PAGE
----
We loaded up the car on Wednesday with all of our gear (coring bits and bobs, boots, camping gear, caffeine, etc.) and left Morgantown for the mountains of Pendleton County. We could not have picked a better time! All of the trees were at peak on our drive down and it was beautiful!
Our first stop after the three hour drive to Franklin was the Boggs House Museum, property of the Pendleton County Historical Society (PCHS). We had previously collected two samples from the museum on our trip to Pendleton County in June 2015. From those samples we were able to determine that the logs were actually tulip poplar (instead of black walnut, as the PCHS had believed), but we were not able to provide a date for the two samples. So we made arrangements to collect more samples on this trip.
Ananias Pitsenbarger Farm
Oh, and did I mention that Jeff and Teresa were expecting 15 motorcyclists to arrive for a big gathering while we were there? I don't know how they managed to keep us fed, entertain the visiting historical society and journalist, and make preparations for a motorcycle event all at the same time! They are amazing.
The big barn is interesting because it is very different from the "Propst/Pitsenbarger" structures on the farm. It was constructed out of oak and poplar logs that were left mostly rounded with steeple notching. As you'll see, most of the other structures associated with the Propst/Pitsenbarger period (mid 1800s) are all pine and half dovetail notched. Also, note the door hinge in the photos of the big barn. This feature will come up again later. Our thoughts are that the big barn might be a remnant of the Amick period (late 1700s).
Friday morning we started working on the Pitsenbarger house. Before coring, we went in the house to have a discussion with the ghosts. Jeff and Teresa have shared with us many ghost stories that happened on the farm and we felt like we needed to explain to the ghosts everything we were doing and why. You know, just in case... I'm not saying I believe in ghosts, but it doesn't hurt to cover your bases.
We limped our way up to the new house (Jeff and Teresa's house) Friday evening after coring all day and met the motorcycle "gang". When Jeff and Teresa told us there would be a bunch of motorcyclists here, my immediate thought was that it would either be A) a bunch of guys in leathers, covered in tattoos, long braids, and intimidating attitudes or B) a bunch of retired doctors/lawyers (no offense to the doctor who was actually there!) on their tricycle motorcycle things (I don't know what they're called), fancy Harley's, and side cars. I know that is ridiculous and stereotypical, but that's what I thought. In reality, there were a bunch of guys (and one gal!) on those super tough off-road (think large dirt bike) motorcycles. They were so cool! We were pretty impressed by the bunch.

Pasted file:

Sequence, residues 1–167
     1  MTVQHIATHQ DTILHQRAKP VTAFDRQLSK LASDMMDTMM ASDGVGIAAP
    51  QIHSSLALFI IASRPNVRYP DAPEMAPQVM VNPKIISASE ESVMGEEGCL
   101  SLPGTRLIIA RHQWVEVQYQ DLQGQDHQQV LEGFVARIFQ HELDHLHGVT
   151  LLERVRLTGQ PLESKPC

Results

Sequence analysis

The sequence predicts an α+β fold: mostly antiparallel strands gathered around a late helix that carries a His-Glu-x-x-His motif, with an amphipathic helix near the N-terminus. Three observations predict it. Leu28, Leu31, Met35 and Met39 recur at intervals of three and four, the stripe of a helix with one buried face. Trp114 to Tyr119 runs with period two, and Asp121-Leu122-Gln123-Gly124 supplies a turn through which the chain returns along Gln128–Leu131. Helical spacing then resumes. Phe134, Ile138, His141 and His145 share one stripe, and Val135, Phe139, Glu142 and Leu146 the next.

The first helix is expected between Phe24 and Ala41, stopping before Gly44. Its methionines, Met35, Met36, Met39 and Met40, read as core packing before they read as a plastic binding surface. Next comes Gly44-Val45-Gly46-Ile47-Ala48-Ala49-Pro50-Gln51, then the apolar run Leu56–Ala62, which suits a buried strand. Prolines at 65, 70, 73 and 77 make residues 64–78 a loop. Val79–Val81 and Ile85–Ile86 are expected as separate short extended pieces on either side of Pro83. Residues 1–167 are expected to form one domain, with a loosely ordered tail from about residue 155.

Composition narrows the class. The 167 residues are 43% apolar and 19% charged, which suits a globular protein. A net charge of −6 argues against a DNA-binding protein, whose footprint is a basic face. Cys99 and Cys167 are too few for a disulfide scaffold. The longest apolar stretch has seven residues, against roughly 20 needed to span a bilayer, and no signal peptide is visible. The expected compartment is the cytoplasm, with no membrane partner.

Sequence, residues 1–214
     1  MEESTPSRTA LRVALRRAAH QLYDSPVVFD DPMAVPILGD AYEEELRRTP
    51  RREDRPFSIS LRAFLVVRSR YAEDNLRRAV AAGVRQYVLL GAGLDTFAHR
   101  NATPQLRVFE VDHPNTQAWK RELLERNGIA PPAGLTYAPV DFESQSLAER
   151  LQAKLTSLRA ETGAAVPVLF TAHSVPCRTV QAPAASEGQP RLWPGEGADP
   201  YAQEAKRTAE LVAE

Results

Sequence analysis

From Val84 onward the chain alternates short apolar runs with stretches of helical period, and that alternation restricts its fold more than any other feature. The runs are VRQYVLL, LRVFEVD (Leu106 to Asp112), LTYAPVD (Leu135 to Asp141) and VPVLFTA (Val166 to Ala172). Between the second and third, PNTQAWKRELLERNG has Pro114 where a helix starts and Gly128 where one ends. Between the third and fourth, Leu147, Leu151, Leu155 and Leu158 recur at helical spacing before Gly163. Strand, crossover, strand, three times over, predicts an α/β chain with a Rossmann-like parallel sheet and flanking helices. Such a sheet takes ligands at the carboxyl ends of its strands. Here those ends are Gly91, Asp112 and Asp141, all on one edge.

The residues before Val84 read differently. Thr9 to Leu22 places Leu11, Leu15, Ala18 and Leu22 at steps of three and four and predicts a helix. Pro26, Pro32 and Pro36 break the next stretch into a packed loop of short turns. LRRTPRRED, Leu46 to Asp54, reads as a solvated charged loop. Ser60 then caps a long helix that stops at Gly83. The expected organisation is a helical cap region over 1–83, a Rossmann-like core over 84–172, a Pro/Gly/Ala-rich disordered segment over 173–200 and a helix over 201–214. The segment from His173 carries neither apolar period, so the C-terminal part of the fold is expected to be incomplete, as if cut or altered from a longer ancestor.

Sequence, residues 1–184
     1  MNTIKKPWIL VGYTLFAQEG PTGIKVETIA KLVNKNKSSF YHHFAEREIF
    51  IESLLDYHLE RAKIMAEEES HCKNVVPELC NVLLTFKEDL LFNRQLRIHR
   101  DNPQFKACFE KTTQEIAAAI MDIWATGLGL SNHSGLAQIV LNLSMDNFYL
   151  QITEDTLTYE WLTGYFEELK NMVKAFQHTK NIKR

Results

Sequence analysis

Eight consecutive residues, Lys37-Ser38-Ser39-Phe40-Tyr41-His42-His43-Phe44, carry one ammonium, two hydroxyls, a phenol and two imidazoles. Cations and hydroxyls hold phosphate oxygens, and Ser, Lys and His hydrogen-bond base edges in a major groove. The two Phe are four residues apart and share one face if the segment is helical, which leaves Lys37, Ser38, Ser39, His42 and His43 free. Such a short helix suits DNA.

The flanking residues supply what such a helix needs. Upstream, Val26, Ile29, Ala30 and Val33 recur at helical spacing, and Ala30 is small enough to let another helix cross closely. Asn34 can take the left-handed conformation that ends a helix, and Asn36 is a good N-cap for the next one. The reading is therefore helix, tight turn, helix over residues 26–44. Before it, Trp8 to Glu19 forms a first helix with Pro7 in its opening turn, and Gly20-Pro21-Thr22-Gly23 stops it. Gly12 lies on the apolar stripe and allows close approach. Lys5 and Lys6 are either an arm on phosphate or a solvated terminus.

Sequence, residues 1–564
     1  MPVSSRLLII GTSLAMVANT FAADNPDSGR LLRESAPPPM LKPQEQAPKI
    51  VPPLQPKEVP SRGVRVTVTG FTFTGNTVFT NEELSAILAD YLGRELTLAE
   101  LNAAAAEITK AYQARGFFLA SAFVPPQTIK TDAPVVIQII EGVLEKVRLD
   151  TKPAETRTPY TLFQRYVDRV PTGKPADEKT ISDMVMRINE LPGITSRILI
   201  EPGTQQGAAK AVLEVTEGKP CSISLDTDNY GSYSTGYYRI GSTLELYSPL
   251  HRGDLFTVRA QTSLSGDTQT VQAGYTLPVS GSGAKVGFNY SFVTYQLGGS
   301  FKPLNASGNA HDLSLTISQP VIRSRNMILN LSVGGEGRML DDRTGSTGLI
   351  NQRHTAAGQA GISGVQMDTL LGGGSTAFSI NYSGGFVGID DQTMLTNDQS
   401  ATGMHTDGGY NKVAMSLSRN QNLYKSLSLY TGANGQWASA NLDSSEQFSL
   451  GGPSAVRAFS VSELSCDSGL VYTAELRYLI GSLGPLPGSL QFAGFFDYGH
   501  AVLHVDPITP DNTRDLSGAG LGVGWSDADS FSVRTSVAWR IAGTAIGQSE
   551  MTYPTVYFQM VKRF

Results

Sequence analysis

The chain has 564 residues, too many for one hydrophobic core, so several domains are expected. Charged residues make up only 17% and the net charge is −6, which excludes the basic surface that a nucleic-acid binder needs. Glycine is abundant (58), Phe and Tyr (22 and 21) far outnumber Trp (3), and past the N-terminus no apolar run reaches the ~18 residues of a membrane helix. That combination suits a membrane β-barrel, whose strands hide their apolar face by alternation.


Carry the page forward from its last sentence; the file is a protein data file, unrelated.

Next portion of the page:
I was secretly hoping someone would offer to let me ride on the back of one (how cool would that be?!) and also secretly hoping no one would offer to let me ride on the back of one! They looked terrifying.
Anyway, we hung out with the motorcycle crew Friday night around the big campfire and swapped ghost stories, life stories, etc. It was a real pleasure getting to meet these guys that we would have never met otherwise.
Oh! And one of the guys snapped a photo of a black bear hanging out very near to where we were working at the house that day. We had no idea it was there! Eek!
Saturday morning we set out to core the granary and the spring house. It was very cold and windy that day.
As we were approaching the granary, a raccoon fled the scene. Shawn screamed. And I almost wrecked the car. Yeah.
We made sure he/she was long gone and then got to work.
Since we still had a day left to work, we decided to collect cores from the three hay barns. These barns were very interesting to us, because they had the same notching style as the big barn and appeared to be constructed from the same species (oak and poplar). They were also very different from the house and granary, which were pine and half-dovetail notched. We have a hunch that the hay barns and the big barn may have been constructed by someone other than the Propsts. Perhaps Henry Amick? If so, that would make these four barns the oldest surviving structures on the property.
All three hay barns look alike and all three have had the roof replaced, as well as a few upper logs. We were careful not to core those. Additionally, two of the three barns still had the original doors, which happened to be constructed the exact same way as the big barn door. Important? Perhaps.
It would be cool to have some archaeologists come out and do a dig for the foundation!
Any interest, Drs. McBride?
Saying goodbye to our lovely hosts, Jeff and Teresa, was very difficult. But it had to be done. With promises of a return in spring (during mushroom season!), we packed the car back up and headed back to Morgantown.
A project this large will take us several months for analysis, but as always, stayed tuned for results!